Nelson Mandela is celebrated around the world for his personal struggle against apartheid, a system devised by the National Party controlled by the minority white in South Africa to oppress the black majority. He led the decades-long struggle to replace the apartheid regime with a multi-racial democracy and advocated for reconciliation in spite of being imprisoned for 27 years.
After becoming South Africa’s first black president in 1994, Mandela was the driving force behind the peaceful transition of one of the most racist societies in modern times to a nonviolent and democratic society where acceptance reigns and there were no recriminations. He was one of the world’s most respected political leaders of his time.
- 1918: Nelson Mandela was born into the Madiba tribal clan, a part of the Thembu people, in a small village in the Eastern Cape of South Africa.
- 1943: Mandela joined the African National Congress.
- 1956: Nelson Mandela was charged with high treason along with 155 people, including the entire executive of the African National Congress. Their trial started in 1958 and after three years, the courts ruled that there had been no proof that the African National Congress was using violence to overthrow the government. None of the 156 charged with high treason were found guilty.
- 1962: Mandela was arrested near Howick in KwaZulu-Natal and convicted of incitement and for leaving country without a passport. Mandela is sentenced to five years in prison. Sent to the Robben Island in the middle of 1963.
- 1964: In the infamous Rivonia Trials, Mandela was charged with sabotage and sentenced to life in prison. In October 1963, ten principal opponents of the apartheid system went on trial for their lives on charges of sabotage. Nelson Mandela made a speech attacking the very court he was appearing in as unlawful and illegitimate. He argued that the laws in racist South Africa were harshly draconian and that disobedience of these laws was defensible.
- 1990: Nelson Mandela was freed from prison. South Africa began to put an end to strict racial segregation, a process that was completed by the first multi-racial elections in 1994.
- 1993: Nelson Mandela won the 1993 Nobel Peace Prize with Frederik Willem de Klerk, the last white President of South Africa, “for their work for the peaceful termination of the apartheid regime, and for laying the foundations for a new democratic South Africa.”
- 1994: The first multi-racial elections were held in South Africa. Nelson Mandela became South Africa’s first black president after more than three centuries of white rule. In his inaugural speech, Mandela declared, “Never, never again will this beautiful land experience the oppression of one by another.”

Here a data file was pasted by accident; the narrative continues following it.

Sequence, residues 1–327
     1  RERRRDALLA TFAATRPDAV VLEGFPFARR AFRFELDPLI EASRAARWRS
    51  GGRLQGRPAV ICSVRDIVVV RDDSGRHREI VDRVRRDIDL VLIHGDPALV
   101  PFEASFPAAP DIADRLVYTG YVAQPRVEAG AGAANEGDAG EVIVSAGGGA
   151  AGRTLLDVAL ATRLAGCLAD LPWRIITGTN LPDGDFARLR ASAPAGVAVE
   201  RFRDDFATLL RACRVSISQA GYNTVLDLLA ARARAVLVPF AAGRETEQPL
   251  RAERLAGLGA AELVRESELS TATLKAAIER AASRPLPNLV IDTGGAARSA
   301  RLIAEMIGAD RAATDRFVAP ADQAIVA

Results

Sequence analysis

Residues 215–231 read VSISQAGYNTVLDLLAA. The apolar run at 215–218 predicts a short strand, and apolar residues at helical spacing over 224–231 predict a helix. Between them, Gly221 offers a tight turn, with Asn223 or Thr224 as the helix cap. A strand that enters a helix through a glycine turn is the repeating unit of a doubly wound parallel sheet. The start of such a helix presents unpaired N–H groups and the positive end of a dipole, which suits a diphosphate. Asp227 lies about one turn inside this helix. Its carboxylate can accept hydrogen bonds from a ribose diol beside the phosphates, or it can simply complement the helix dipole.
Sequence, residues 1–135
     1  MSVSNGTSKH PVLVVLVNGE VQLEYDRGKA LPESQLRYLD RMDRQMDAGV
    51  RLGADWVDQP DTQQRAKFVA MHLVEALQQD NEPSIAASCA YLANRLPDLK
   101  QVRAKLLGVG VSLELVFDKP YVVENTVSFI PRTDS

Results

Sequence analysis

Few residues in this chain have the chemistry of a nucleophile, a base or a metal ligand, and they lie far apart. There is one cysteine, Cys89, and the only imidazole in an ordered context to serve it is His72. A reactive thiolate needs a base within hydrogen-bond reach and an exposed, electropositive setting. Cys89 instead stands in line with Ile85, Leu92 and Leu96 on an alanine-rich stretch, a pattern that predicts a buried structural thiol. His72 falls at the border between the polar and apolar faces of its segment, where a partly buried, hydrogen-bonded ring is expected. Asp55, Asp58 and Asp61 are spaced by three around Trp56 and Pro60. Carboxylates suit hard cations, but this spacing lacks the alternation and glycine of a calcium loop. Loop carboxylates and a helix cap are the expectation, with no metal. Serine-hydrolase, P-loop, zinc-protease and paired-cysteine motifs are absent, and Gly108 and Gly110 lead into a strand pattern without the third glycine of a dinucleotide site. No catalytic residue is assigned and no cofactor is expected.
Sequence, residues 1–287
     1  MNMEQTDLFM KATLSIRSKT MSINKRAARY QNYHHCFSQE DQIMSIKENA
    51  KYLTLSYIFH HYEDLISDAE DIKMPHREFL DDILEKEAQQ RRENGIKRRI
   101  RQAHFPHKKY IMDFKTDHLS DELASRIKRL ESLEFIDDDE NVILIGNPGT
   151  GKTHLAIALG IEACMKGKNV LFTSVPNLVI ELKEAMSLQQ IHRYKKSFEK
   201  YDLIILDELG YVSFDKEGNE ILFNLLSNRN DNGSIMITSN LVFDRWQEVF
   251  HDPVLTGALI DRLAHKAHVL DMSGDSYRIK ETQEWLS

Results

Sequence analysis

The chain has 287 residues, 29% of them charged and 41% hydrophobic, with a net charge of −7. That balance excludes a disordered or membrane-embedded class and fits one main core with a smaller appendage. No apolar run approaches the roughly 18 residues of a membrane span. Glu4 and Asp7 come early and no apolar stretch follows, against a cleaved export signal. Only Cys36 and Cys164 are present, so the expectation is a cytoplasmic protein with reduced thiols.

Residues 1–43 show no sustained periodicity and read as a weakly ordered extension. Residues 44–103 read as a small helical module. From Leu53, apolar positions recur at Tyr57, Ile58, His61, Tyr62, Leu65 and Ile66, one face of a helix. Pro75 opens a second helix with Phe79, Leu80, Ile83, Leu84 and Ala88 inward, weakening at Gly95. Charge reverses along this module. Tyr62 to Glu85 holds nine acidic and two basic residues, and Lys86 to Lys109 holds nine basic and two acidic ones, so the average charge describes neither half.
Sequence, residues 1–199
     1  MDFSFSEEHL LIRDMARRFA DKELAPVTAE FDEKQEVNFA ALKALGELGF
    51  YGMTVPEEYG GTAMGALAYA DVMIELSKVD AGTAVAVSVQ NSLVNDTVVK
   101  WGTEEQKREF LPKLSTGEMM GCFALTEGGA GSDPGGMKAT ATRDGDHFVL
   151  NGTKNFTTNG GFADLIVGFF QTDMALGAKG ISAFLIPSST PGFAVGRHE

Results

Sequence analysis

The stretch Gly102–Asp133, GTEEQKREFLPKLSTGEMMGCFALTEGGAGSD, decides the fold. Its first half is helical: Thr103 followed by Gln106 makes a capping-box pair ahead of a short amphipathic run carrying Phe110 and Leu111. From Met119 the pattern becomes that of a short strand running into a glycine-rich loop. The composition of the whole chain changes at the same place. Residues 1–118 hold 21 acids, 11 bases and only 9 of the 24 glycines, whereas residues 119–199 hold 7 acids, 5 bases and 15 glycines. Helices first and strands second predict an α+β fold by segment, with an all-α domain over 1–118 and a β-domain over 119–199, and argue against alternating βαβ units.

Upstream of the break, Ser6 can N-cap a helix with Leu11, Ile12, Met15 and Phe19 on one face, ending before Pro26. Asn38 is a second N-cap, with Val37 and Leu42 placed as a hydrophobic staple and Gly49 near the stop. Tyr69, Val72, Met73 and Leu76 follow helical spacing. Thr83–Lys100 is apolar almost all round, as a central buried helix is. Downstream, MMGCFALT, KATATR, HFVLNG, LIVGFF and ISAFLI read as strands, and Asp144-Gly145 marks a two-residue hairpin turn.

- 1999: Nelson Mandela stepped down as leader of South Africa. A June-1999 New York Times editorial wrote, “The five years … have seen a genuine change of political power, widespread respect for the rule of law and none of the political revenge killings that have marked other societies in transition. South Africa has many problems, such as desperate poverty and terrifying crime. But its suffering would have been infinitely greater absent the moral authority and democratic, inclusive spirit that made Mr. Mandela a giant as leader of the liberation movement and as President.”
- 2001: Nelson Mandela was diagnosed with prostate cancer and received radio therapy for seven weeks. Since retirement, Mandela had maintained an active schedule, frequently traveling abroad and mediating peace efforts in Burundi.
- 2004: Retired from public life. Mandela had rarely been seen in public since retirement.
- 2010: Last public appearance in Football World Cup 2010 in South Africa.
- 2013: Nelson Mandela died at the age of 95 at home in Johannesburg after years of declining health.
- ‘Long Walk to Freedom’, Nelson Mandela‘s autobiography. This was recently made into a biopic with an inspiring performance from British actor, producer, and musician Idris Elba.
- ‘Mandela: The Authorized Portrait’ by Mac Maharaj and Ahmad Kathrada (Editors)
- ‘Mandela’s Way: Lessons on Life, Love, and Courage’ by Richard Stengel
- ‘Conversations with Myself’ by Nelson Mandela
- ‘Gandhi An Autobiography: The Story of My Experiments With Truth’ by Mohandas Karamchand Gandhi
- ‘The Last Trek-A New Beginning: The Autobiography’ by F. W. De Klerk